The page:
BERLIN (AP) — Germany's president on Thursday honored the bravery of peaceful protesters who stood up to the communist dictatorship in East Germany 25 years ago, drawing parallels to the student protests in Hong Kong today.
President Joachim Gauck spoke at an event commemorating one of the biggest demonstrations in the city of Leipzig on Oct. 9, 1989, which called for freedom and democracy.
None of those taking part could have known for sure whether authorities would opt for a "Chinese solution" and violently crush dissent as happened on Beijing's Tiananmen Square months earlier, he said. "But they came anyway: tens of thousands overcame their fear of their oppressors, because their longing for freedom was greater."
Gauck said the protest, which was shown by West German television that many in the East secretly watched, encouraged others and heralded the peaceful revolution that culminated in the fall of the Berlin Wall one month later.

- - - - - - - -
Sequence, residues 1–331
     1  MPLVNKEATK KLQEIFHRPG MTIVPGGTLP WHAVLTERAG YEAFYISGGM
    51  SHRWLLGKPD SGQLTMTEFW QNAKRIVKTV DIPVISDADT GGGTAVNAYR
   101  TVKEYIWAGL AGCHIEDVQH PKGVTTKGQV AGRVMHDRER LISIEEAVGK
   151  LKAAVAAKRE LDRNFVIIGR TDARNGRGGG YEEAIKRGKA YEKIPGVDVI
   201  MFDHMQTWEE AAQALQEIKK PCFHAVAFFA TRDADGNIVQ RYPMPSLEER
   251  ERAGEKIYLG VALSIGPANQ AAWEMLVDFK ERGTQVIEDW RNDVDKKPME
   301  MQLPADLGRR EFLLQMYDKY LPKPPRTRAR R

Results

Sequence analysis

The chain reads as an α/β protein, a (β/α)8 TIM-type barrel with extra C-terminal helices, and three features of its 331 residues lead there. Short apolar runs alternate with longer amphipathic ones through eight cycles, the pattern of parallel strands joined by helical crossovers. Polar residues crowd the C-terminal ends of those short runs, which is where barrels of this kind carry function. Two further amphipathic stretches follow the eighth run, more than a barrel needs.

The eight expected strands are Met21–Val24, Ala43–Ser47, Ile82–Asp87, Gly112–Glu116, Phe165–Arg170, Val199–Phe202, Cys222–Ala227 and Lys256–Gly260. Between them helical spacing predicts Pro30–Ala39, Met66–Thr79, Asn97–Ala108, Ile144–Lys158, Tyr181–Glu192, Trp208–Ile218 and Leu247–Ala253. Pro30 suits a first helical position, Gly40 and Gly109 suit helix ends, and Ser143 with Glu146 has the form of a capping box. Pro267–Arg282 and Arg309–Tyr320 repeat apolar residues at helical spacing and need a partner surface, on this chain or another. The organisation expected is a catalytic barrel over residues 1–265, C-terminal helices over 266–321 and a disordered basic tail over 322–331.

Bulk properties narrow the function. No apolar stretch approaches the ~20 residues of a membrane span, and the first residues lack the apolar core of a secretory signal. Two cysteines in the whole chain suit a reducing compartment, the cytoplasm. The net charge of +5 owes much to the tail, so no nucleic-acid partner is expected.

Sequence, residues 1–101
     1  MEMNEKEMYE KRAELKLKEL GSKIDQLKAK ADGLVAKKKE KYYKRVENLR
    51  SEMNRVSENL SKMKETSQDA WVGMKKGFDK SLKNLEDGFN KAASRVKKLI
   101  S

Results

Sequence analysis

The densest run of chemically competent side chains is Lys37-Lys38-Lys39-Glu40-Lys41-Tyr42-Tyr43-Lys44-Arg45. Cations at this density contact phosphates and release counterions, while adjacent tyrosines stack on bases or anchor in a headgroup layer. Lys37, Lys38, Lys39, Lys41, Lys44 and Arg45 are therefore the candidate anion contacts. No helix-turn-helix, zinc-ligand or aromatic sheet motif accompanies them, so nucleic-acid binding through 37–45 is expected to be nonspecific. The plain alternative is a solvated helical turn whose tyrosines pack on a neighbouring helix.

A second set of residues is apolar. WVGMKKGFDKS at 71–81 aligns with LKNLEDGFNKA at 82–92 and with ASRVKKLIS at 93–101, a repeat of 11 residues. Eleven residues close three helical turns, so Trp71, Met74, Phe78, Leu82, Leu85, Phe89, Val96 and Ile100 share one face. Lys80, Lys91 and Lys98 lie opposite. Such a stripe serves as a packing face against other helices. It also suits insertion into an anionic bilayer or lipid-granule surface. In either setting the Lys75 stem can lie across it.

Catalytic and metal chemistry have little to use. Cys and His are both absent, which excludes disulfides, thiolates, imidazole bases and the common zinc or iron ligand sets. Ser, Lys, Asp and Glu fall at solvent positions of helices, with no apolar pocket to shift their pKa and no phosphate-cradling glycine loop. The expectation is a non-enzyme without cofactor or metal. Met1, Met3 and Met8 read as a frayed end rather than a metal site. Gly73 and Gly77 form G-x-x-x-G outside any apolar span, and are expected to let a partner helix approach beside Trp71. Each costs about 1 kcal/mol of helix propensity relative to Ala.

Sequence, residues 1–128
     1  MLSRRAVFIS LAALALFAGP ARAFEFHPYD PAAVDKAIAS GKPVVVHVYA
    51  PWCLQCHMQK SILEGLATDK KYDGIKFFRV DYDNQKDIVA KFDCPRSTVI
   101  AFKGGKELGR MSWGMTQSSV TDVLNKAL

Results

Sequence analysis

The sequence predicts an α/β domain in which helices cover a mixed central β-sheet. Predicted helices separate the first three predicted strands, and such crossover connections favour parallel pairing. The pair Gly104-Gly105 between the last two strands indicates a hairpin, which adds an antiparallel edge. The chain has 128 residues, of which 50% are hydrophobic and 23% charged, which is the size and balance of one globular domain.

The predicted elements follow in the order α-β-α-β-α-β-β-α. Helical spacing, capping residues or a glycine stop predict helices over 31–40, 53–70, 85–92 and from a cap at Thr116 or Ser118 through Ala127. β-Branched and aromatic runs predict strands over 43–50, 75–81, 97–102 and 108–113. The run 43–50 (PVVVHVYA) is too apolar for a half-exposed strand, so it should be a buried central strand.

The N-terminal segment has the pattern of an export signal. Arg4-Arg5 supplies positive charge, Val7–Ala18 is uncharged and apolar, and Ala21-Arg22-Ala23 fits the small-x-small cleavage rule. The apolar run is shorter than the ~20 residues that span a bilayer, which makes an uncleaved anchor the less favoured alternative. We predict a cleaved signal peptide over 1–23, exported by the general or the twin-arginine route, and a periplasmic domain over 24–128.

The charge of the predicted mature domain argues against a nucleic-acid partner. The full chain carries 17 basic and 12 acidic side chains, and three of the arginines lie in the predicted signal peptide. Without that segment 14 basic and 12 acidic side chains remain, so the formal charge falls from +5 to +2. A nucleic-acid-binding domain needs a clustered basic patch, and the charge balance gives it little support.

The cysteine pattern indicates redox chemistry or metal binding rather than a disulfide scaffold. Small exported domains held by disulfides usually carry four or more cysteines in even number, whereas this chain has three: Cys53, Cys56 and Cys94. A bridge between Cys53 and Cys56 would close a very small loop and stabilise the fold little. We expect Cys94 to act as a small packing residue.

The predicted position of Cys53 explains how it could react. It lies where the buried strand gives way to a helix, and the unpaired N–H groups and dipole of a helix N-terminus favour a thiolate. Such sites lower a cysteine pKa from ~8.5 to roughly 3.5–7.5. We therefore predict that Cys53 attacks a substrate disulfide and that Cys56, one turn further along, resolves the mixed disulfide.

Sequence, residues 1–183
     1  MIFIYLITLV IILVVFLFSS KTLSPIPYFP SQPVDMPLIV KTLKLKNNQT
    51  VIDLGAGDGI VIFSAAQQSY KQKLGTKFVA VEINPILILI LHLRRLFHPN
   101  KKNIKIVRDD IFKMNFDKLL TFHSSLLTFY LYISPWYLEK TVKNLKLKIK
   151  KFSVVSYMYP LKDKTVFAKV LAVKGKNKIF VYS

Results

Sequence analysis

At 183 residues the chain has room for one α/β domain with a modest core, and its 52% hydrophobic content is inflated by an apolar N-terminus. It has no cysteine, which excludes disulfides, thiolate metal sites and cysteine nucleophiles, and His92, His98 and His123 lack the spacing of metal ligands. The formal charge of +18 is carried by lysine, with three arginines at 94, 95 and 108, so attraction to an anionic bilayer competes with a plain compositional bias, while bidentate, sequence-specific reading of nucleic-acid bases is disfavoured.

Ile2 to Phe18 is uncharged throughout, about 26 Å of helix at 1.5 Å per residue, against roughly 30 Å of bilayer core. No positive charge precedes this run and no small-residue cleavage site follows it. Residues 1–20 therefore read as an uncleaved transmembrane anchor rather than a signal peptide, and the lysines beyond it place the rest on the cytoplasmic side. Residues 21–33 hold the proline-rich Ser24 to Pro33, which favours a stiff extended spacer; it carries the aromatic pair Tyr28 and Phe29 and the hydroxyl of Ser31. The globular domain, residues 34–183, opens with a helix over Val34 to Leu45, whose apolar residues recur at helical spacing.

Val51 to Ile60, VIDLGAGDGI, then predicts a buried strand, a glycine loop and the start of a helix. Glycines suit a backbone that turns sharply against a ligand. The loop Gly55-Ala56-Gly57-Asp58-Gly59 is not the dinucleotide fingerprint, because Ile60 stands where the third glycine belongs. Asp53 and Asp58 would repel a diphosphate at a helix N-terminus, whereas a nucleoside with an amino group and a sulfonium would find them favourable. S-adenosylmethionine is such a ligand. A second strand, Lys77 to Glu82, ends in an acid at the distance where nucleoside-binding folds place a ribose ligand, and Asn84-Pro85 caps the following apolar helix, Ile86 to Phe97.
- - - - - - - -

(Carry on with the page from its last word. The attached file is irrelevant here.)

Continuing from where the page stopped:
Gauck, a one-time Protestant pastor who himself was involved in the protest movement, said the experience of East Germany showed how important it was to defend democracy even today.
"The young protesters in Hong Kong have understood this very well," Germany's head of state said. Students in the semi-autonomous city have been protesting for weeks against China's restrictions on the first direct election for Hong Kong's leader, promised by Beijing for 2017.
Gauck's comment came a day before a German-Chinese government summit in Berlin, in which China's Premier Li Keqiang will take part.